1. sounds like the rules are for serving regular force, because civilians can get honors from other sources ie. Order of St. John which is worn with uniform or Order of the Garter which I imagine was also overlooked in the heraldry regulations cited, because only 26 people can wear it, I doubt they made a rule. The choice for a non-serving member to wear what they want, is clear to me, it is a choice. Because the Charter defines Freedom very clearly, and that he earned or was awarded the medal or honor is clearly an indication he should wear it at some point. I suppose this writer would be technically correct, if Mike Blais was serving, but he is not, he is a Veteran with multiple awards and honors who chose to wear them with pride, expressing that pride. Now, if he was wearing them technically wrong, once again he is a retired Veteran, and worthy of forgiveness for such mistake. Of course this writer could find a more worthy target, one not embattled with VAC and the insurer, but he did not, I will not ascribe motive, but clearly there is a blade unsheathed.

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    1. You might want to read this, it is one of the actual things we fight for as serving members, and enjoy the benefits of as Veterans and Civilians. http://www.law.utoronto.ca/utfl_file/count/documents/Roach/Chapter%2010%20Roach%20Schneiderman.pdf

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    2. FYI:
      The Order of St. George, Grand Priory of Canada and the Americas, established in 2003 and registered as a charitable, non-profit corporation in 2006, has a mission of charity and through the Order's Foundation, contributes funding in support of our wounded or fallen military personnel and their immediate families as well as to other worthy causes. The Order — which enjoys the patronage of General (Ret'd) Rick Hillier, CMM, MSC, CD and Vice Patron MGen (Ret'd) Lewis MacKenzie CM, OOnt, MSC and Bar, CD — is based on the principles described in the Statutes which defined the first monarchical secular military Order of Chivalry created in Europe operated, founded by King Károly Róbert of Hungary (also known as Charles 1 of Hungary) as the Fraternal Society of Knighthood of St. George. Although the precise date of its foundation is not known, it was certainly in existence on St. George's Day on the 23rd of April, 1326.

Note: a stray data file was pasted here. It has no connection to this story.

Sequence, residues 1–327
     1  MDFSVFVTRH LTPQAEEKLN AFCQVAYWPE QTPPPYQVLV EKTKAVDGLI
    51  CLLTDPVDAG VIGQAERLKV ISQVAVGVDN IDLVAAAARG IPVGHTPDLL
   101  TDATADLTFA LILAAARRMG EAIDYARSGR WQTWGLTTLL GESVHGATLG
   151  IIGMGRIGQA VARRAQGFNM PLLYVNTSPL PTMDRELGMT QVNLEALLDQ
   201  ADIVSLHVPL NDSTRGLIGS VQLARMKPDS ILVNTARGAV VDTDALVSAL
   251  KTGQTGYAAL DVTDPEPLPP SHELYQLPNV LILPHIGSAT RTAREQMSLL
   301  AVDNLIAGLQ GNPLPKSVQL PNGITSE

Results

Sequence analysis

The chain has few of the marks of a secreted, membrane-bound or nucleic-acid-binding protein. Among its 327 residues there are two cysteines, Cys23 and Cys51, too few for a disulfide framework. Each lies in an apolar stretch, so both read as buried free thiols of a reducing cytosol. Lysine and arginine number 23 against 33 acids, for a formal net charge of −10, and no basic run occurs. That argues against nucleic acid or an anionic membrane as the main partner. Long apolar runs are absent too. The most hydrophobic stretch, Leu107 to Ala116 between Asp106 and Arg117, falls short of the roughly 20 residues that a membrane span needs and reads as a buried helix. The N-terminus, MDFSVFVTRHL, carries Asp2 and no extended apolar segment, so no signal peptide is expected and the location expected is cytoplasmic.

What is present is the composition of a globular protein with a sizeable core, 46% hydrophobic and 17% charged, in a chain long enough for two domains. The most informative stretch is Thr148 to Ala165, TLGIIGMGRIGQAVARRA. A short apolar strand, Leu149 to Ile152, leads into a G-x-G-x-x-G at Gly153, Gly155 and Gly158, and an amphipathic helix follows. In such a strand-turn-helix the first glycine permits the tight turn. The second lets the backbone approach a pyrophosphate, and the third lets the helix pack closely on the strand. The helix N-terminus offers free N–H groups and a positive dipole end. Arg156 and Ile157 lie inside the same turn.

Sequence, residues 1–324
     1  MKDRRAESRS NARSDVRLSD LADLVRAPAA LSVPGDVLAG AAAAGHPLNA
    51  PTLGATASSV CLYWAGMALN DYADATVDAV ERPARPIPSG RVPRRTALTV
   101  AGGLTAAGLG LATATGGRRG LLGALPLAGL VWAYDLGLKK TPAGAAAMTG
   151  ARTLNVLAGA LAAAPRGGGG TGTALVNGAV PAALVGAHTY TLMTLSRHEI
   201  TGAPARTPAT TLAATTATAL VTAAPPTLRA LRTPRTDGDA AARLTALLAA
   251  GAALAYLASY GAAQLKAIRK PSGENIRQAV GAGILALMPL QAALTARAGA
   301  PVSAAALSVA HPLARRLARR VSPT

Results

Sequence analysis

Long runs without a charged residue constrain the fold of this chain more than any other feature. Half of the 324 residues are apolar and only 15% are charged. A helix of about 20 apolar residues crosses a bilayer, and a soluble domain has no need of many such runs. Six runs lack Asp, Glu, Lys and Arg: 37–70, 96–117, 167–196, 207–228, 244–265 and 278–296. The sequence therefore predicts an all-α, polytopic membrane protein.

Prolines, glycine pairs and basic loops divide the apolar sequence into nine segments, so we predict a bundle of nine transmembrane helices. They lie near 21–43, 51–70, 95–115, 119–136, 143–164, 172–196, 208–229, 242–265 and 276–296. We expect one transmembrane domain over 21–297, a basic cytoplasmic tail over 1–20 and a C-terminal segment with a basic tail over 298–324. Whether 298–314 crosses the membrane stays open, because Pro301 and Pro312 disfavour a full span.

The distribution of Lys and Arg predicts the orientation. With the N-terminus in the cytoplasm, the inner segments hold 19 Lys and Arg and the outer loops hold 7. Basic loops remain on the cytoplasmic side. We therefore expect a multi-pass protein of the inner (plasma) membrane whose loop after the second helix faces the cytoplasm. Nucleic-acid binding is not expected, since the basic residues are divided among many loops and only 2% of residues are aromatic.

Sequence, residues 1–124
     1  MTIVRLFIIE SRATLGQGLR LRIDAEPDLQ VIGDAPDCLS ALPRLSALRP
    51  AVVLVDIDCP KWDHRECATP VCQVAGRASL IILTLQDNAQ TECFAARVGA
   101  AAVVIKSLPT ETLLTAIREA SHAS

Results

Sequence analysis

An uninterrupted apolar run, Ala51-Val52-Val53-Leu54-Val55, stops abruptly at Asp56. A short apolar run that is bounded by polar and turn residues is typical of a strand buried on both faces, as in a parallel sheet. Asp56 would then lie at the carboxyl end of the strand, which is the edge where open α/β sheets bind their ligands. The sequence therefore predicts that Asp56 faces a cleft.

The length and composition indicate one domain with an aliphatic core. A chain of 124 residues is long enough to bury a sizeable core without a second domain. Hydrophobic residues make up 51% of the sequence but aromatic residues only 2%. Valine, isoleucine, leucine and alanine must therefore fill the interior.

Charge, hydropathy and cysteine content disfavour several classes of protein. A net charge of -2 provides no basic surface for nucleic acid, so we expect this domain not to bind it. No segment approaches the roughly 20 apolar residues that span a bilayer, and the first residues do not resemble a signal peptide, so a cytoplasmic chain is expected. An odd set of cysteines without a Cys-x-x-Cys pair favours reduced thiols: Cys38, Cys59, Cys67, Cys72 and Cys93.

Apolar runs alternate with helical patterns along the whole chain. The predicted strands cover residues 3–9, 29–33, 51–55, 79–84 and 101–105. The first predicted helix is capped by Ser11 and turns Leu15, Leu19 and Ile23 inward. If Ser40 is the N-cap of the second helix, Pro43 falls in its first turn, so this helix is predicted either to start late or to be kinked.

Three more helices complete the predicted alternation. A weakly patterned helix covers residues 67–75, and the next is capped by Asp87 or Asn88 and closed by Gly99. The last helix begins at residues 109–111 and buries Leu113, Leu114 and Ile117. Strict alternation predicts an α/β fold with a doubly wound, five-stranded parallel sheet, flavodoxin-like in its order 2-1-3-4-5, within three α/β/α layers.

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  2. The pedantic might want to understand their own situation. Yes, medals to be worn accordingly and to fashion as in how they are "supposed" to be worn. Rules are generally made for those they can be enforced upon, I sincerely doubt, beyond shaming that there is any enforcement that can be done on a civilian wearing earned medals or honors of any kind even from a cereal box, if they choose to express themselves that way ie. dress themselves as they wish. And to marginalize their service and recognition to civilian and other organizations, is what I would refer to as elitist. As is the commentary couched within this piece, who is the writer to assume too much in dictating the dress of civilians even Veterans ? I would point him to the nearest U.S. , U.K. Remembrance Day or Armistice Day, point him to the thousands of proud veterans expressing their pride with medals on leather, on suits, on dresses, together with honors of service and accomplishment from many organizations. Surely the writer can see the difference between a serving member, who can be legislated, ruled over and run ruff shod upon and a civilian veteran whom is expressing their very pride in their own service and accomplishments ? Surely, the writer would not want to obstruct or hinder or interfere in any way with such a person guaranteed rights under the Charter ? What is more important after all, the medals and the pedantry or the pride of the person ? I would say that one can have rules, but one must understand who they apply to and when and why, otherwise they are just using a bully pulpit for contrived personal aggrandizement.

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  3. Blais medals in the top photo don't jive with the second one. What's with the clasp in the first picture?

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  4. so is the author of this an expert on military protocols, is he/she an actual appointed inspector general, appointed by the various levels of Government to write this drivel, or is it just a feeble attempt to discredit those who have actually stood up and support veterans?